by Catherine Delahunty
The “100% Pure New Zealand” myth has long been busted but work to clean up the country has lagged behind for many years. This is partly because it costs real money to tackle our worst problems such as the roughly 20,000 contaminated sites across the country. One of the reasons I stood for Parliament was to progress how contaminated sites are dealt with and my maiden speech refers to communities affected by the varying forms of chemical contamination.
Yesterday, I signed an extension our Greens’ Memorandum of Understanding with the Government to advance cleaning up toxic sites. I did this because, under MMP, we can make policy gains without voting for policies we disagree with or endorsing a Government whose overall programme is at odds with many of our core principles and policies.
After some negotiation, Dr Nick Smith has agreed to some critical steps necessary to adequately address this issue. Now, there is more money to stabilise the Tui Mine tailings dam on Mt Te Aroha and there will be a publicly accessible national register of priority sites. There will also be regional council registers that will be accessible for the public. They will use common software so everyone can get information about where sites are and how polluted they are.
We have agreed to have an independent peer review of the National Environment Standard for contaminated soils. This was announced Tuesday and will cover the risks to human health on contaminated sites. We want this to include environmental effects — not just immediate health risks. The Minister for the Environment has agreed to the independent peer review despite the Ministry for the Environment’s advice that it’s too difficult. Other countries have both human health and environmental standards for sites and associated impacts off site which affect the food chain. No contaminated site is an island.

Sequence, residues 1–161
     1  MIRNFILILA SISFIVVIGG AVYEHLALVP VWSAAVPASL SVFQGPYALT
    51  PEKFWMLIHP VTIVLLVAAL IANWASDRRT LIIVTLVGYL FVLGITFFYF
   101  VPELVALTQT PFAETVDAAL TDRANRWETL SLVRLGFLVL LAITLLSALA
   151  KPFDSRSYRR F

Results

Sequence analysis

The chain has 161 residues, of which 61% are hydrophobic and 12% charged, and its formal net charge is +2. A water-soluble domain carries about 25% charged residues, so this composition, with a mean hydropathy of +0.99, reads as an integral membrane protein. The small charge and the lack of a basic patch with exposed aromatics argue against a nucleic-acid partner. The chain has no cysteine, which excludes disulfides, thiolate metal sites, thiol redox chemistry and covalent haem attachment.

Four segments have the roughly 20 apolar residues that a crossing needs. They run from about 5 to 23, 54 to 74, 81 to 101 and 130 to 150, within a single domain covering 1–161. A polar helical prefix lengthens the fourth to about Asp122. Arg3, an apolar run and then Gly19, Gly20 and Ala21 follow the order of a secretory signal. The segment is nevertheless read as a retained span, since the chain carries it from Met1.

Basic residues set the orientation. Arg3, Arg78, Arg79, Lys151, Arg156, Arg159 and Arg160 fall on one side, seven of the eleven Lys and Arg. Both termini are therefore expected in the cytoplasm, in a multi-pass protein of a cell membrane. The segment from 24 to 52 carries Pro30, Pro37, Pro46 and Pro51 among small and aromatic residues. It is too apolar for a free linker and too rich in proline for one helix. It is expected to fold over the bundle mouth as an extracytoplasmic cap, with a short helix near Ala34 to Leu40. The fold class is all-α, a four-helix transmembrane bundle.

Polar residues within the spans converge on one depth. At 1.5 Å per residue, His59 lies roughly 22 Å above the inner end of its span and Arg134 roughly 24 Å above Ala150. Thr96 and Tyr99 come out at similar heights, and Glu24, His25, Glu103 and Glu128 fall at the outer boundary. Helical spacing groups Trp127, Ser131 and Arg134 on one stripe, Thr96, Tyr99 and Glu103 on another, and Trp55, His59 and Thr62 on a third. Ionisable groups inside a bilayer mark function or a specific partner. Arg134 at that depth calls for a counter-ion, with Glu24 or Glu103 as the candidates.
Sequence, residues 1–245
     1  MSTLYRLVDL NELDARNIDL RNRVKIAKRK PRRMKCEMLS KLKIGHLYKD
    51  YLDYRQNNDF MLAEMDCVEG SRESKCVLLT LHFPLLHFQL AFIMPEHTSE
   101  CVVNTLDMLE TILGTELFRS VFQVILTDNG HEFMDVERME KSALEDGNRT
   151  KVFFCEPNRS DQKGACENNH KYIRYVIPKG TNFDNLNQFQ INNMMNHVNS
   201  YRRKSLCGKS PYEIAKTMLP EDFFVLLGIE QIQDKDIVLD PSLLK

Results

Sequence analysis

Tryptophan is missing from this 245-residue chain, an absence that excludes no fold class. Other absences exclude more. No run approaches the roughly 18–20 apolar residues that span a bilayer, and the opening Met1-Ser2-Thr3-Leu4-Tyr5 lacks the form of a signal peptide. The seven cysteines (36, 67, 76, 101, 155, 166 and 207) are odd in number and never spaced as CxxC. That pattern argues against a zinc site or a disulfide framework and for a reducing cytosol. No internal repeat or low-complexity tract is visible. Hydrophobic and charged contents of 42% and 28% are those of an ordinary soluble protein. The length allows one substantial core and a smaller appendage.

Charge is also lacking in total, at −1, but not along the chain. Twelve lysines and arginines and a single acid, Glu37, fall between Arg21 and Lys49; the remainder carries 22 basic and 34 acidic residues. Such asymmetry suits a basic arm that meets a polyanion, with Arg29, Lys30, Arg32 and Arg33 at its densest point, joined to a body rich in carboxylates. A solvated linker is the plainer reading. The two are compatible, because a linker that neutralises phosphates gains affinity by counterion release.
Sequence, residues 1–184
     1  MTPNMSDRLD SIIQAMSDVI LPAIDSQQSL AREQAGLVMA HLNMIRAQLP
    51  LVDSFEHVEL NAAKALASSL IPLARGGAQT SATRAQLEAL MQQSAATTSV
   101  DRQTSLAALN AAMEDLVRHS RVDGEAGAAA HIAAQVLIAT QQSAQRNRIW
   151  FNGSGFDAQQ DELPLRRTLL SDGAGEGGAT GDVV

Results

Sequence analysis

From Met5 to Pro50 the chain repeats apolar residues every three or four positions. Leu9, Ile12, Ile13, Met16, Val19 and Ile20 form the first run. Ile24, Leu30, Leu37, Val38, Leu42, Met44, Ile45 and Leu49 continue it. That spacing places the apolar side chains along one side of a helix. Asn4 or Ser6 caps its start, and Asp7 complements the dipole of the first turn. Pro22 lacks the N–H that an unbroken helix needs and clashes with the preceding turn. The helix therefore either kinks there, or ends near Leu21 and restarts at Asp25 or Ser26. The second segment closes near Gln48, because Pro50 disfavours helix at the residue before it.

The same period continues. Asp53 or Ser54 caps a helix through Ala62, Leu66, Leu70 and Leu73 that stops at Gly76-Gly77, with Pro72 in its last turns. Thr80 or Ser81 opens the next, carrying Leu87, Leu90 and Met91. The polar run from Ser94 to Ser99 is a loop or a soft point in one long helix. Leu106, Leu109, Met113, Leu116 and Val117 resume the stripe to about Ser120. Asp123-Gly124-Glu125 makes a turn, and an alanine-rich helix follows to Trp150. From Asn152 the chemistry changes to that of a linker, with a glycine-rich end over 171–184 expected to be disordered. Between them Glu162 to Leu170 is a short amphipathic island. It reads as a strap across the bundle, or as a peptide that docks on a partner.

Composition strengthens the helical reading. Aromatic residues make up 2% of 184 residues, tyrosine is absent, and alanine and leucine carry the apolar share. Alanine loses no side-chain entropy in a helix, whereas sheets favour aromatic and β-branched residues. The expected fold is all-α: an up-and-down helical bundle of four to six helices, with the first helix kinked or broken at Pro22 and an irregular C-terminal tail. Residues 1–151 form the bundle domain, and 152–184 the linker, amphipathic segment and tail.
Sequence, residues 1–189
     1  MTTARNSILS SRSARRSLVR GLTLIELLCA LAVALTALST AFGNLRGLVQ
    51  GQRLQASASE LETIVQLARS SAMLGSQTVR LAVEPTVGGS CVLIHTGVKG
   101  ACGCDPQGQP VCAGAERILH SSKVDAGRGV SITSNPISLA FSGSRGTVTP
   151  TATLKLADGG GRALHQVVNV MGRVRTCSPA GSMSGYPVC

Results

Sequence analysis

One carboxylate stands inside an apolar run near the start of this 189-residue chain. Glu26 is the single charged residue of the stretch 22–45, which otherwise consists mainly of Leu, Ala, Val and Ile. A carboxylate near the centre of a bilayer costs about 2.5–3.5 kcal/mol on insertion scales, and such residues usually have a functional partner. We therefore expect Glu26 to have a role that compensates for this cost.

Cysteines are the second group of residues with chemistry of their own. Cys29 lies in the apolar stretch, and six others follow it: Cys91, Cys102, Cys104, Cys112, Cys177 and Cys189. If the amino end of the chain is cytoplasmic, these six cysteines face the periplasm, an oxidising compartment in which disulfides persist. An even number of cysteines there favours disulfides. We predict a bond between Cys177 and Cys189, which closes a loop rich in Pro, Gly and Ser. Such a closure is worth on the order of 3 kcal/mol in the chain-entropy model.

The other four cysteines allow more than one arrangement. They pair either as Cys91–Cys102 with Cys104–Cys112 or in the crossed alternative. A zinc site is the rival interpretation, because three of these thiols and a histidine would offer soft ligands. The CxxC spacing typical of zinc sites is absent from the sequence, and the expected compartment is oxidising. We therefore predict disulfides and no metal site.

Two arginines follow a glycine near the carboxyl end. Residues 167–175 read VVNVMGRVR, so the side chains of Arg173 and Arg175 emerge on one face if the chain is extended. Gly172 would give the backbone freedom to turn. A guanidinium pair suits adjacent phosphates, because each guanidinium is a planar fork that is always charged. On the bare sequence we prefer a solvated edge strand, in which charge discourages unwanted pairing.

We have also agreed to work on policy and legal changes around the issue of pre-1991 liability for cleaning up sites. Prior to that, original polluters didn’t have to pay to for cleaning up their toxic sites. That is just wrong. But it can be changed by amendment to the Resource Management Act.
People have asked me why the last Government didn’t address these issues. That’s a damn good question and I will be challenging whoever is the next Government to work with us to progress this work even further. Human life, our environment and our international reputation are at stake. As the wahine from Hauraki said at the Tui Mine event at Parliament yesterday, we destroy the environment, we destroy ourselves. Hauraki iwi want their mountain returned to them and they want it returned in a healthy state!
One person amongst many deserves credit for the progress we hope to make under this new agreement and that is Gordon Jackman. He first exposed this issue in 1991 while working for Greenpeace. I can truly say he has taught me everything I know about the issue as has given me the encouragement to take on this work!
Published in Environment & Resource Management by Catherine Delahunty on Thu, May 26th, 2011